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Abominatrix, June 13th, 2018
Written based on this version: 2006, CD, Blue Fog

You know that feeling you get when something's been sitting under your nose a really long time without you even realising it? Then when you figure it all out, you feel great for having found that thing, but also stupid for not knowing it was there all along? That's kind of how I feel right now.

Rammer was a band that thrived in the underground in my area for a number of years. My friends and I went to a lot of their shows and hung out with some of the guys occasionally. I always thought they were a heavy and high-energy live band, but for whatever reason, even though by the time the band broke up, I had three or so of their Cds in my house, I just never really gave them much of a listen. I can't really explain this. Maybe it's just that I took them for granted, since they played shows often and were always just around; I assumed, subconsciously, that they always would be around. A lot of people played the hell out of Cancer,/i, and I would always nod and say “yeah, it's killer!”, but to be honest, the CD mostly just sat on my shelf collecting dust.

Rammer dissolved around 2008 or '09, leaving what many thought at the time was an unfinished legacy. Indeed, there was a completed album of great songs that was only finally released in a limited, posthumous run in 2014. A somewhat deflating end to something great, surely.

Anyway, all this to say, that I really should have been paying more attention. Not that I could have done something to help the band overcome their differences and persevere, but there was this great and fiery record,
Cancer, sitting here all this time and I hardly even noticed. On reflection, I think in part it was the sound Rammer always got in the studio that put me off just a little bit. It just seemed too dry, too modern, or some damn thing. It's happened before (and since) that catching multiple shows from a band has kept me from playing their recordings, most recently with Blood Ceremony, so I guess this phenomenon isn't entirely inexplicable. Now though, since we here on metal-archives are currently on a quest to review albums that haven't been covered yet on the site, I decided to dig out this disc and give it some spins. Maybe it's a factor of distance and time, but I feel like I'm hearing these songs with fresh ears, and what seemed before a somewhat unattractive sound now strikes me as being absolutely appropriate. I could kick myself.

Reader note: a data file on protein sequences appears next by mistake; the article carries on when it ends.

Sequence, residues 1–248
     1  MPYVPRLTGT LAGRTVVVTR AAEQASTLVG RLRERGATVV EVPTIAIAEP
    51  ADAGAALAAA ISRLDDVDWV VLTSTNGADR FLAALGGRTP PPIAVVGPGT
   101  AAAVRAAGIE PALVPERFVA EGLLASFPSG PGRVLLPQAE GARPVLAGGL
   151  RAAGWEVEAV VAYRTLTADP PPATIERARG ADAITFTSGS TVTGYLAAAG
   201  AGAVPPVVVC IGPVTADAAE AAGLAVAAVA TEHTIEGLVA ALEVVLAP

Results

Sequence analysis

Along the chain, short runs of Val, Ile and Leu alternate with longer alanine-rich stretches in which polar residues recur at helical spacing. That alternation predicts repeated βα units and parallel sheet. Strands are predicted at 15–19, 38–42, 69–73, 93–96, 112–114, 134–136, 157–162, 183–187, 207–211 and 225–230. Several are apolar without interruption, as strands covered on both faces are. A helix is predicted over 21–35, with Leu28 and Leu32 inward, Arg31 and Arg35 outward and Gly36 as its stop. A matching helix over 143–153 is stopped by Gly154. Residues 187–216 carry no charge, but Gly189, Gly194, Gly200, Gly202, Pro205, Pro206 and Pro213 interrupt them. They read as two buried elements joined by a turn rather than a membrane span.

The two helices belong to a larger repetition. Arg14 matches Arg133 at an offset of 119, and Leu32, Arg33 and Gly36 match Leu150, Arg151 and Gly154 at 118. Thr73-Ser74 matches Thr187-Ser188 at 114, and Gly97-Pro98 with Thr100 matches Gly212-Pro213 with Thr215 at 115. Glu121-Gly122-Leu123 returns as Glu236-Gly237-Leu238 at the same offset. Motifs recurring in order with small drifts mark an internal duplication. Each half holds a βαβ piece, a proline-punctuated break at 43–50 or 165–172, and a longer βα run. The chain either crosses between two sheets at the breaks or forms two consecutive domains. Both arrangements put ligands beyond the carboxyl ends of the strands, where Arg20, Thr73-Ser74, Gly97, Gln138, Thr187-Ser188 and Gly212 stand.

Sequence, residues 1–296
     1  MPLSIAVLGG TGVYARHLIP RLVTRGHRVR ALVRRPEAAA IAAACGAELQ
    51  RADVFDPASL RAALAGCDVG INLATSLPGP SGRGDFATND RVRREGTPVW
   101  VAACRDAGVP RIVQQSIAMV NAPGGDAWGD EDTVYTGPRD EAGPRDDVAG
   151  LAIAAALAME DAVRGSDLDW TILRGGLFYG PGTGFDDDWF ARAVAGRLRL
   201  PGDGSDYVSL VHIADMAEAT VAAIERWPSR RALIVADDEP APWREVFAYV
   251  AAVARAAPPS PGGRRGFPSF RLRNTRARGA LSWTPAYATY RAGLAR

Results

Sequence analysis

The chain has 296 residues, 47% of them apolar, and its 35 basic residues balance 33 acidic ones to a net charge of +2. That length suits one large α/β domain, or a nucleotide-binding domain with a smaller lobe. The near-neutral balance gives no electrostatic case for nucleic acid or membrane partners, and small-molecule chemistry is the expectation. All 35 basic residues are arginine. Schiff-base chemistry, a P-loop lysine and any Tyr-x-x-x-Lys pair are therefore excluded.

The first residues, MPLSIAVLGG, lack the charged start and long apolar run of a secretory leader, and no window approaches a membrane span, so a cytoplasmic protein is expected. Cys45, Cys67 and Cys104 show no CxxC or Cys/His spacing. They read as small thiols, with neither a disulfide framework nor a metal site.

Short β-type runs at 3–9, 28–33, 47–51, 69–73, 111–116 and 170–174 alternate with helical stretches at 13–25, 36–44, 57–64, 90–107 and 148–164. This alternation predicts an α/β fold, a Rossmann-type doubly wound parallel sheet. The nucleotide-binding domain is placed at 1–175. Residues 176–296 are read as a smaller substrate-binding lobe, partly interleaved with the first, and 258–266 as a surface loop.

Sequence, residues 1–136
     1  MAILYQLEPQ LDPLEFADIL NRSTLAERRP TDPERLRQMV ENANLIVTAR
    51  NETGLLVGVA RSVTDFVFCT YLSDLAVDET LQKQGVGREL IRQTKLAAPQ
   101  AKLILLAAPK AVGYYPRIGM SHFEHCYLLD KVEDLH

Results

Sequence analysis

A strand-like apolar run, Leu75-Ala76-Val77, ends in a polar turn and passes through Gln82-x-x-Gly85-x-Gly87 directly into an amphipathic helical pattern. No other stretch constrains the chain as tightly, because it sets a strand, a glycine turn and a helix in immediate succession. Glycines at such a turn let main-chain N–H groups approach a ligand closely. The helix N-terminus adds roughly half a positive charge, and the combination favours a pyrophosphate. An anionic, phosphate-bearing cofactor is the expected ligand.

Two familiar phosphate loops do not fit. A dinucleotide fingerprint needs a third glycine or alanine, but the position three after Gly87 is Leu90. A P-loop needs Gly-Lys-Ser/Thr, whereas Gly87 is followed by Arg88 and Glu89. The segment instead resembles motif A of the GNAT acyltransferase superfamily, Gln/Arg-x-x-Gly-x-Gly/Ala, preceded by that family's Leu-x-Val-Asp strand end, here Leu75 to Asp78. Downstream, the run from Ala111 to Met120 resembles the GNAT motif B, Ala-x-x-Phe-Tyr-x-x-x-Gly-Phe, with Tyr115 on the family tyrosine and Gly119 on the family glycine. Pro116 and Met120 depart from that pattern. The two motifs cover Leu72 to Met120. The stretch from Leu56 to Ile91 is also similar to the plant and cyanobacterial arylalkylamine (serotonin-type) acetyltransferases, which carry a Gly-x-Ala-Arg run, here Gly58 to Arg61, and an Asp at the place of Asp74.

I would call this modern thrash metal, in the sense that it's probably closest to the thrash sound, but has plenty awareness of death metal's developments and is eager to incorporate them into its framework. There's also, I think, a slight hardcore influence, but it's relegated to a few short breakdown sections and maybe the aggressive and somehow street-wise vocal delivery. The band isn't concerned with being the fastest around, because their muscular rhythms and chunky, palm-mute-heavy guitar-playing works as well at a more rocking tempo. As a matter of fact, and I don't say this often, but here it's the mid-paced parts that I probably look forward to most of all as they have something a lot of other bands lack: they keep the aggression cranked up to the maximum even when they are not thrashing at top speed. They do this mostly by incorporating some downright scarily heavy riffs that I could only describe as proper old-school death metal (think maybe early Floridian stuff in particular). They are so good at these sections that I can feel my spine tingling due to the pervasive pent-up darkness inherent in these guitar parts. For a first-rate example of what I'm talking about, just have a listen to the title song (the perfect album closer) and get a load of that absolutely beastly, ungodly, terrifying main riff. It sounds as though it came from the churning, smoking bowels of Hell itself.